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Insta-CoGo: Teens and Car Crashes

Cindy Loose

While no one can calculate the sorrow caused by teen crashes, a first-ever analysis released last week by AAA finds that crashes involving drivers ages 15 to 17 cost American society more than $34 billion annually in medical expenses, lost work, property damage loss and other related costs in 2006.

Drivers 15-17 were involved in about 974,000 crashes in 2007, injuring 406,427 people and killing 2,541, the study found.

There is a proven means of reducing those numbers. States that ease new drivers onto the road by imposing a variety of restrictions -- like restricting driving late at night, and not allowing new drivers to drive other teens -- see decreases in the carnage. The system is called "graduated driver licensing."

Maryland, D.C. and Virginia all have some but not all of the seven elements of a graduated license system advocated by AAA. In fact, they've been pushing hard for more restrictions and were hopeful to get new measures passed by the Maryland state legislature this session. Instead, the legislature just decided to study the issue this summer.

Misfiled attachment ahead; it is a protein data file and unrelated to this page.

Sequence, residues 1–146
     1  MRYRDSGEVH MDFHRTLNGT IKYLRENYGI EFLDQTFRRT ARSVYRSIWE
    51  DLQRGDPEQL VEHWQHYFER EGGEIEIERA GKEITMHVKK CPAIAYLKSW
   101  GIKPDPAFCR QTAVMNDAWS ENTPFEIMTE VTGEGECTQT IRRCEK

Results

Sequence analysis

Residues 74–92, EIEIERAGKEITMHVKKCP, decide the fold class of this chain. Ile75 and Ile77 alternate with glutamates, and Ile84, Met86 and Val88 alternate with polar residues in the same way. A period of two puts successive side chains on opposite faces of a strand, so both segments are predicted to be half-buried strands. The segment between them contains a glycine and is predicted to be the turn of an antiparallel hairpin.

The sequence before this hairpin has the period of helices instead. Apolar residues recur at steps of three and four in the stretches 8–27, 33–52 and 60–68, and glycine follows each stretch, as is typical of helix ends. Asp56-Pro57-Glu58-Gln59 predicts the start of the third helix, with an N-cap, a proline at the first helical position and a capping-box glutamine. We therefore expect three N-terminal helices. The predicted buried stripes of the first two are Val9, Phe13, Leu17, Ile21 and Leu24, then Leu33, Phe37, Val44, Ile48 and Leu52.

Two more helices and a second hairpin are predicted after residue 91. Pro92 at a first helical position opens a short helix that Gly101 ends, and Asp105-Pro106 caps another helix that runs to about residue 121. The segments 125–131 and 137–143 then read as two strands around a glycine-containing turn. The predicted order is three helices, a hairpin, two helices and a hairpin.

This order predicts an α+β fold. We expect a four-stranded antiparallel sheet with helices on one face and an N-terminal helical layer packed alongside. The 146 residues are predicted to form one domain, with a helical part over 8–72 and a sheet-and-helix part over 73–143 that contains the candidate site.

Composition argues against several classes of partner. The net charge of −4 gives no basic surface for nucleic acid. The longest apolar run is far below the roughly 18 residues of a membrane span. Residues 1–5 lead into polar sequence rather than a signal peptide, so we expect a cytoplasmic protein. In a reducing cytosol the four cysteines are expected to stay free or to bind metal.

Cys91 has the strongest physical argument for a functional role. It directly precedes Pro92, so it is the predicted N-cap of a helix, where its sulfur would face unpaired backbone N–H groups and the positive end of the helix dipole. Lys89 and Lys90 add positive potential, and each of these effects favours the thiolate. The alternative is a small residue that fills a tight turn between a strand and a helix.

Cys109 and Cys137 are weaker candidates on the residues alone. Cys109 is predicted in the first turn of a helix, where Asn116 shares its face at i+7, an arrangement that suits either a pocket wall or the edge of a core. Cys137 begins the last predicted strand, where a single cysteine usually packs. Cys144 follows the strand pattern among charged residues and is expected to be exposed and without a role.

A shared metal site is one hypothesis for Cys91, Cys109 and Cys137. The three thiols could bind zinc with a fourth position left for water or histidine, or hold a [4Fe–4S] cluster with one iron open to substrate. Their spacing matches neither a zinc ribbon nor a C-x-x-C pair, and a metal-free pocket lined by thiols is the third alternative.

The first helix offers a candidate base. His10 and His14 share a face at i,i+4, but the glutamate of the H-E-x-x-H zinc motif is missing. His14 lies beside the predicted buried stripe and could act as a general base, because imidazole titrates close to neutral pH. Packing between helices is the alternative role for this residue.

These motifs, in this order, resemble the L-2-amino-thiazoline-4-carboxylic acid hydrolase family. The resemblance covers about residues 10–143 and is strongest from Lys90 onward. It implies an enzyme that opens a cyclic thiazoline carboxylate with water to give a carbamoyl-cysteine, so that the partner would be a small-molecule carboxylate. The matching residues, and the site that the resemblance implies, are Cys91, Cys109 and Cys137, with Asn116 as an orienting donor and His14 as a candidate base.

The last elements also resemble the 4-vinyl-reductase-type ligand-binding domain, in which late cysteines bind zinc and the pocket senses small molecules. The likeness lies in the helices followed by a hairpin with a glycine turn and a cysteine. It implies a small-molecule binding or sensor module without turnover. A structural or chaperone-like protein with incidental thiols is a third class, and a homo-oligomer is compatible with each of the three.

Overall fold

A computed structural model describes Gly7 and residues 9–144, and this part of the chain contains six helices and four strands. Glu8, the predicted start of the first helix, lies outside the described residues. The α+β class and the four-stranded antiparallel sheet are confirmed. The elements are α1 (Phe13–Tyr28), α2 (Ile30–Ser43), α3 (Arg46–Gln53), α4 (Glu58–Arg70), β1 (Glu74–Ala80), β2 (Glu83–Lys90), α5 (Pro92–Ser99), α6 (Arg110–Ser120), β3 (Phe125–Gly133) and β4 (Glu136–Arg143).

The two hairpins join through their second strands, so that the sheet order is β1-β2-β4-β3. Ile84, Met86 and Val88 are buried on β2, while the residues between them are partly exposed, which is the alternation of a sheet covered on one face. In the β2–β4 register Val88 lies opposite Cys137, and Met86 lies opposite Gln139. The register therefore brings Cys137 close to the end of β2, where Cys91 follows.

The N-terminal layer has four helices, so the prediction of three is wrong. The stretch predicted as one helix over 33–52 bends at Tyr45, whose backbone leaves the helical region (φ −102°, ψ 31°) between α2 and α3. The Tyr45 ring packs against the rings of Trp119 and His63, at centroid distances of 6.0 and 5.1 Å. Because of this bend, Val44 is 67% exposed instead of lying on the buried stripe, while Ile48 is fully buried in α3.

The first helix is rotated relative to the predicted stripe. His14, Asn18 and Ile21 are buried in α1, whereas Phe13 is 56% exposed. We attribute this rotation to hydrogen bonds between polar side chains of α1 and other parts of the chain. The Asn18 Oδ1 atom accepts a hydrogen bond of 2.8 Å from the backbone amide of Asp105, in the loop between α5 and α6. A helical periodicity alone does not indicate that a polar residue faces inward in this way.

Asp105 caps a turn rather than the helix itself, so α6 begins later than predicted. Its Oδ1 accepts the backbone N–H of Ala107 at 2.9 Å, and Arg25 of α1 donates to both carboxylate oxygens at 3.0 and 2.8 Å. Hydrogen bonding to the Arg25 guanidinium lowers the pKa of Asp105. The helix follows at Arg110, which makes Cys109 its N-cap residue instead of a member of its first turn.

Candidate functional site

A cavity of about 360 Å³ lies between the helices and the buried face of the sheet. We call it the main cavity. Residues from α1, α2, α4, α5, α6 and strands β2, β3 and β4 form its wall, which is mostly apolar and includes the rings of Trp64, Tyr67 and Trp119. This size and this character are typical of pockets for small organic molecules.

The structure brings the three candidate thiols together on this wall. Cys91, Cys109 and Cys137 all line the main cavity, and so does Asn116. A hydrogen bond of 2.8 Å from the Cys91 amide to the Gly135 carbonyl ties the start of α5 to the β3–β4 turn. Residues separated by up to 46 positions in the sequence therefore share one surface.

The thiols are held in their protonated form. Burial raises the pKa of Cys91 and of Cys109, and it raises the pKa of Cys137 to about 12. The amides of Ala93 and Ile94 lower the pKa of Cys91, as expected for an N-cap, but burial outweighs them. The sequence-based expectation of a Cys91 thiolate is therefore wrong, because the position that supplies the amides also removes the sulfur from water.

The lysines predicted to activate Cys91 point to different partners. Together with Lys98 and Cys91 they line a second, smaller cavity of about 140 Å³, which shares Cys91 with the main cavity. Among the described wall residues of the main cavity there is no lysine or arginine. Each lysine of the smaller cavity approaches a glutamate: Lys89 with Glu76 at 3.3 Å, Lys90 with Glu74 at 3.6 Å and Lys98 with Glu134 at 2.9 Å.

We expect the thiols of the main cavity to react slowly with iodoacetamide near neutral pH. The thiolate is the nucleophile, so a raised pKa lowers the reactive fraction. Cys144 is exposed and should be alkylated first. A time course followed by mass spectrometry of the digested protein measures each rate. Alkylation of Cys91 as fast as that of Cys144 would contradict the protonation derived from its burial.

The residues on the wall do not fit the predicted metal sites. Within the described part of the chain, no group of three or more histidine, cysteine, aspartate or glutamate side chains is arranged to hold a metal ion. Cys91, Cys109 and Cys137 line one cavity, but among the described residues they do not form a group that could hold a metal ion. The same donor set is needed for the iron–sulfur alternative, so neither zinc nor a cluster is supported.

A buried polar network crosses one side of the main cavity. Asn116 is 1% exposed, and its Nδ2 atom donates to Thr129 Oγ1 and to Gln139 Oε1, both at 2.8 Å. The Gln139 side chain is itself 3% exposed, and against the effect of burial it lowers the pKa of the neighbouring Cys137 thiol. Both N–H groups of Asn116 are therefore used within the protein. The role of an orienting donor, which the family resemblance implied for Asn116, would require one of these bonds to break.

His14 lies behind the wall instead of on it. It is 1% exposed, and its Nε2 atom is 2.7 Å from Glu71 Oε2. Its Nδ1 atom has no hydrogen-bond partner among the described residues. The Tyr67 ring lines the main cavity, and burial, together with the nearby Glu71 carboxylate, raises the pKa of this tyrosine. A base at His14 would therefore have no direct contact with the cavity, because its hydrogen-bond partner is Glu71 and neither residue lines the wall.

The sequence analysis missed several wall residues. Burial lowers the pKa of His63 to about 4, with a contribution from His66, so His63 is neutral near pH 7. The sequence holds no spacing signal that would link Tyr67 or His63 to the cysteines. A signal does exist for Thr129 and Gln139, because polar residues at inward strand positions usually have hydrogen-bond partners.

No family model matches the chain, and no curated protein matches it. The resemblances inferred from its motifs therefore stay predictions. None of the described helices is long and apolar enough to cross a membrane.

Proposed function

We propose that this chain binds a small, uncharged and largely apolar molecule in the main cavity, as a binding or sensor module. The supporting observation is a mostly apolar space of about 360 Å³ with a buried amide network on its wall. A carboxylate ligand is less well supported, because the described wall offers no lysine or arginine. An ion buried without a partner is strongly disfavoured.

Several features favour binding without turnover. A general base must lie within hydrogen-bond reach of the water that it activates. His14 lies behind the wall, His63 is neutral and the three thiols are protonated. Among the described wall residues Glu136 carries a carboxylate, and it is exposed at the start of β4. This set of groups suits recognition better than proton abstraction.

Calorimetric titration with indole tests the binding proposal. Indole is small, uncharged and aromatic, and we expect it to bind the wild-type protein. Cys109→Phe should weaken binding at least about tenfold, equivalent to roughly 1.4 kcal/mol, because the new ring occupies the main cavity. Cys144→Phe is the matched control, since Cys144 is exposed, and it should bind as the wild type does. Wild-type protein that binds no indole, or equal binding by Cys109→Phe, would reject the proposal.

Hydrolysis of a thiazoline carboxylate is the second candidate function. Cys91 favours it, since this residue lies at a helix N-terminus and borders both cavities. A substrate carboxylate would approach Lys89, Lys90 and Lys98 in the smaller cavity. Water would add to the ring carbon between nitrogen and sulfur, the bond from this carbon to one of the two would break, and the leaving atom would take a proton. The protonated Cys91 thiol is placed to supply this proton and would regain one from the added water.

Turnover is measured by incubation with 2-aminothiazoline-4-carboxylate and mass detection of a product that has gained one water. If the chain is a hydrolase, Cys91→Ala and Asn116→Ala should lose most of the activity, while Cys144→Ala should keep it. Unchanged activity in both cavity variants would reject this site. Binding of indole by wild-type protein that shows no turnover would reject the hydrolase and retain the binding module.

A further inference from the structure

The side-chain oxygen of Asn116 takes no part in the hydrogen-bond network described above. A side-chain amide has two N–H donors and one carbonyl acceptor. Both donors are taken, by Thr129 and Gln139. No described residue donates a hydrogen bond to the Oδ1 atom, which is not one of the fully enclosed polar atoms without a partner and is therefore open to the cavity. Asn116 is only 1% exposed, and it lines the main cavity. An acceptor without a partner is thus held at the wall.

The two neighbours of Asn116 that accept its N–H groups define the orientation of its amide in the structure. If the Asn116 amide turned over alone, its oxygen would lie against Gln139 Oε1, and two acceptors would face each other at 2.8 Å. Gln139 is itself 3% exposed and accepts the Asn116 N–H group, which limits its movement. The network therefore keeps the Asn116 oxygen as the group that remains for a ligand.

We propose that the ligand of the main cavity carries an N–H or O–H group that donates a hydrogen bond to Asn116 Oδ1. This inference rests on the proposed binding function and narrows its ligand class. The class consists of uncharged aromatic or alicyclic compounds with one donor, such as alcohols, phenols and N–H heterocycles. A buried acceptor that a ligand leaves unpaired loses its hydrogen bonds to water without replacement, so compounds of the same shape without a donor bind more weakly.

Instead of making lobbyists fight this issue state by state, how about some federal intervention? The feds already withhold road funding from states that refuse to make the use of seat belts a primary offense -- meaning police can stop a driver for not using a seat belt even if there is no other cause. Why not say, use a proven system to save teen lives, or you don't get federal dollars?

By Cindy Loose |  April 15, 2008; 6:24 AM ET  | Category:  Cindy Loose , Insta-CoGo
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While I generally favor the graduated drivers license the statistics about how many lives are save actually parallel the reduction in teenage drivers not any improved regulation. By making it difficult for teens to get licenses, far fewer get licenses so far fewer are in car accidents. The percentage of 16 and 17 year olds with licenses has plummeted to its lowest level in 50 years. You could get the same results -- many lives saved, billions of dollars in savings -- by forbidding those over 65 from driving.

Posted by: Tom | April 15, 2008 6:31 AM